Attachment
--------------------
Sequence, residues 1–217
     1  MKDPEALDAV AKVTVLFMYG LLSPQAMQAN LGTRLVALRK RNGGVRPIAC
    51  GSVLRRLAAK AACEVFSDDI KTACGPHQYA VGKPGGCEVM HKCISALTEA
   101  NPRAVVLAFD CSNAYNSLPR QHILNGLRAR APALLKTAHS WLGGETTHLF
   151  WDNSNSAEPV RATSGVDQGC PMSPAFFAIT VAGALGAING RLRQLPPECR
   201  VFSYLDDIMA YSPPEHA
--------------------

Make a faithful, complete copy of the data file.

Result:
Sequence, residues 1–217
     1  MKDPEALDAV AKVTVLFMYG LLSPQAMQAN LGTRLVALRK RNGGVRPIAC
    51  GSVLRRLAAK AACEVFSDDI KTACGPHQYA VGKPGGCEVM HKCISALTEA
   101  NPRAVVLAFD CSNAYNSLPR QHILNGLRAR APALLKTAHS WLGGETTHLF
   151  WDNSNSAEPV RATSGVDQGC PMSPAFFAIT VAGALGAING RLRQLPPECR
   201  VFSYLDDIMA YSPPEHA